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the furnaces to to keep going and try and outrun blockade runner -- excuse me a blockade vessel that was after them. but once they were cornered, they would usually surrender. so it was not, it was not physically dangerous in the same way that it would be serving on a confederate warship. but there were dangers, nonetheless. there were lots of blockade runners were wrecked because they traveled, they traveled at night, they traveled in poor weather conditions, they traveled in trying to get in and out of harbors where all the aids to navigation, the buoys and lights and everything had been removed. so it was very common for blockade runners to be wrecked especially coming into a confederate port. and there were sometimes casualties when that happened; sailors and crew members were drowned or lost. so it was, it was -- there were dangers involved with it in that regard. the federals, they were in a
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little bit of a tight spot because they were out to stop the blockade runners, to to capture them, but most of the crews of blockade runners either were citizens of neutral countries -- british typically -- they were either citizens of neutral countries or at least they had papers saying they were citizens of neutral countries. and there wasn't very much that the union could do to hold them for very long. what they would do with the ships is the captured blockade runner would have a prize crew put aboard, they would take the vessel to the nearest federal prize court which in this case would be new orleans or maybe key west and the navy would file papers to have the prize, the captured vessel condemned as it was called. and then they would present the evidence that they had that the ship was, in fact running the blockade in contravention of
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u.s. law and they would present that evidence to the court. if the owners had -- if the owners of the ship had a representative, which they generally didn't, that person could go to court as well and present evidence that they were not, in fact, running the blockade because they never admitted that they were actually doing that. but more often, almost always the ship was found to have been running the blockade, would be condemned by the court, and then the ship and all its cargo would be sold at public auction. and there are a number of cases of blockade-running vessels that were caught, sent to a prize court, condemned sold at auction, sold again and then sold to someone who put it right back in the blockade running and within three or four months that same vessel would be running the blockade under a new name with new owners but it's the same ship. right on up to the end of the war in texas, the last blockade
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runner entered confederate port, port of galveston here. it was the blockade runner lark, and it came into it came into galveston on the night of may 23 24th 1865. that's more than a month after appomattox, that's more than a month after lincoln had been assassinated. texas and the trans-mississippi department still had not surrendered. texas was still officially part of the confederacy, was still officially part of the war. and the blockade was still active here. and so as late as the final, last week of may of 1865 we still had blockade runners trying to get into the port and leaving. the lark was actually the last blockade runner to enter and clear a confederate port. i talk about in the book it's sort of a rough ending to blockade running, because lark on the morning of the 24th tied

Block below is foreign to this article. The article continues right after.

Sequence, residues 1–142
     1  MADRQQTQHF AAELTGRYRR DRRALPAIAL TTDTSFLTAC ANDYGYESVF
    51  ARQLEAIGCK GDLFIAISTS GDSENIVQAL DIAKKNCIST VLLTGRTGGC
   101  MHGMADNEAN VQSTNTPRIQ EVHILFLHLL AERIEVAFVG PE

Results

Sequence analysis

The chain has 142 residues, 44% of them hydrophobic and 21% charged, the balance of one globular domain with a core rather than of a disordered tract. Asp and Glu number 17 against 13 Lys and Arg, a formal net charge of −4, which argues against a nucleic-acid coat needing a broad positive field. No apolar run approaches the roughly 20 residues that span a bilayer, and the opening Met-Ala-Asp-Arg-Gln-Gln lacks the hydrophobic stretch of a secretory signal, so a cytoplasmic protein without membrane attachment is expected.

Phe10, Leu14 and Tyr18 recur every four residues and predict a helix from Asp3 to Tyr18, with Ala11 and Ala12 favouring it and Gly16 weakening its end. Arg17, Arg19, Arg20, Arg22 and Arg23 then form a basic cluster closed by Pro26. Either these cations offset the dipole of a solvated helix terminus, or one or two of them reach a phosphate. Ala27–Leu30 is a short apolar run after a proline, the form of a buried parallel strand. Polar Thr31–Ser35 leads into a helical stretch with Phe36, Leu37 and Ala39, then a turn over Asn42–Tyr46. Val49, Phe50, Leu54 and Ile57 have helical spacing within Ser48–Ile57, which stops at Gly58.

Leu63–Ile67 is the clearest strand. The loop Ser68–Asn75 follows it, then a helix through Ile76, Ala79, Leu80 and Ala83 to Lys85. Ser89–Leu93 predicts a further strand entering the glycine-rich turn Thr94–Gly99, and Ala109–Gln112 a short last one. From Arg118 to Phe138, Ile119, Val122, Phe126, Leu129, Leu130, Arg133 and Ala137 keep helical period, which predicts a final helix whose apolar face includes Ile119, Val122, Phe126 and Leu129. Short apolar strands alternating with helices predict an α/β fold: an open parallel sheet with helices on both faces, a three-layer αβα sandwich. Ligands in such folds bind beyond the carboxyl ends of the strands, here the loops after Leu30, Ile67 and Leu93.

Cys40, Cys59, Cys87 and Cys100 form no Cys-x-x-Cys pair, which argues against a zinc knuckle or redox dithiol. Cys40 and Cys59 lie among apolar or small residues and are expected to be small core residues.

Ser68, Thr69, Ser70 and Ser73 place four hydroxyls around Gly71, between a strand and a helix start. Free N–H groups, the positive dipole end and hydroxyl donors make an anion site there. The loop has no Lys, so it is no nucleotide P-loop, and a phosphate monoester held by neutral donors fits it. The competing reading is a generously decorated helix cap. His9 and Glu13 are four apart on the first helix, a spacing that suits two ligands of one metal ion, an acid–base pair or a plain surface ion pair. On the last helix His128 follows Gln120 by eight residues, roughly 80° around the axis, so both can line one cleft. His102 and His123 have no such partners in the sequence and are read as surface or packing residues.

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up at central whatever which, in fact was -- wharf which, in fact, was right here where we are now. tied up at central wharf, and they were doing all the things they normally did to get the ship ready to be unloaded and tying up at the wharf and putting gangplanks down and stuff like that, and a confederate courier on horseback came pounding out along the pier yelling, "get your ship cast off, cast off, get your ship out into the harbor away from the dock." and before they could do that, a gang of about 200 soldiers confederate soldiers who were away from their garrison away from their post, they were fed up, they swarmed the ship, and they began breaking open cargo holds and and looking for liquor, looking for alcohol. and when they found that they -- and they found that started drinking by this time a large group of citizens had
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arrived and were watching all this, and pretty soon the looting became general. and you had women and children and civilians and soldiers all going through the cargo of this blockade runner that had just arrived and taking anything they could, anything they could use, anything they thought they might be able to sell, just taking everything they could get their hands on. and finally the captain of the lark managed to get enough people off of his ship that he could cast off. he got going again and picked up the crew of another blockade runner which had been wrecked the night before over on the peninsula. he picked up that crew and on the night of may 24th, headed back out into the gulf of mexico and back toward havana, and that was the last blockade runner to clear a confederate port. and it happened right here. this is not a part of civil war history that people are